On Wednesday, the Federal Railroad Administration announced $30 billion of shovel-ready projects along the Northeast Corridor to begin construction by 2024 — including replacements of the Walk Bridge squeezed through downtown Norwalk and the Connecticut River Railroad Bridge between Old Saybrook and Old Lyme. Each is estimated to cost $1.08 billion.
FRA also announced plans for replacing the Housatonic, Saugatuck, and Mianus River Bridges — $3.07 billion, $580 million, and $2.04 billion projects.
That’s a heck of a lot of money — all 80/20 federal/state matches.
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But unless you’ve given up entirely on rail travel, it’s hard to argue against replacing the last century-old moveable bridges along the Northeast Corridor — we won’t.
Now, here’s the puzzle…
The Connecticut, Housatonic, Saugatuck, and Mianus River bridges are all bascule lift-bridges built between 1904 and 1907. The Connecticut River Bridge is by far the longest at 1660 feet. The Saugatuck, the shortest at 458 feet. The Mianus and Housatonic are in-between at 1059 feet and 1052 feet.
As project comparisons go, these aren’t apples and oranges. So, it’s no surprise that the Saugatuck — the shortest bridge — is also the cheapest to replace.
But how the heck is the Housatonic estimated to cost three times the Connecticut River Bridge replacement — the longest of the five bridges– and the Mianus estimated to cost double?
We asked FRA and the Connecticut Department of Transportation and got nowhere, leaving us to wonder whether the agencies are simply unresponsive — after all it took six years for FRA to provide us with public documents requested under the Freedom of Information Act — or whether there are more ambitious plans like curve straightening or a realignment tucked into the Housatonic and Mianus River budgets. Not that ambition, even at significant cost, is necessarily a bad thing.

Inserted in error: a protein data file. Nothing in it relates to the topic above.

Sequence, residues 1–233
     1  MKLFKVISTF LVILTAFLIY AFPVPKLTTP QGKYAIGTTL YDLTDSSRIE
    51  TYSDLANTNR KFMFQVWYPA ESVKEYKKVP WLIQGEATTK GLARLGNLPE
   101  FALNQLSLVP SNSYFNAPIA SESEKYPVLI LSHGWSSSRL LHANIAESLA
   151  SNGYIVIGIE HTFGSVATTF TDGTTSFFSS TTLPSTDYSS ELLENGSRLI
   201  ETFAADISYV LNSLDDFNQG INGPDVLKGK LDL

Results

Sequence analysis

Now here’s the rub.
FRA also announced on Wednesday that they will relaunch the last phase of NEC Future planning, stalled since 2017, to settle once and for all a high-speed rail solution between New Haven and Providence.
The last attempt, you might recall, was stalled by overwhelming public opposition, centered on Old Lyme and Charlestown, RI, where the proposed solutions posed the highest impacts of any rail projects between Washington, D.C. and Boston.
What we don’t know yet, is whether this “New Haven to Providence Capacity Planning Study” will be a vehicle for FRA and CTDOT’s much more maximalist off-corridor solutions or for pragmatic, incremental change.
Short of transparency from CTDOT and FRA, solving the puzzle of the inflated Housatonic and Mianus Bridge budgets may be the best way divining their intentions.
But the fact that state and federal agencies have not yet reached out to any of the potentially impacted towns to announce the start of the study or offer a seat at the table is a worrying sign that once again things are heading off the rails.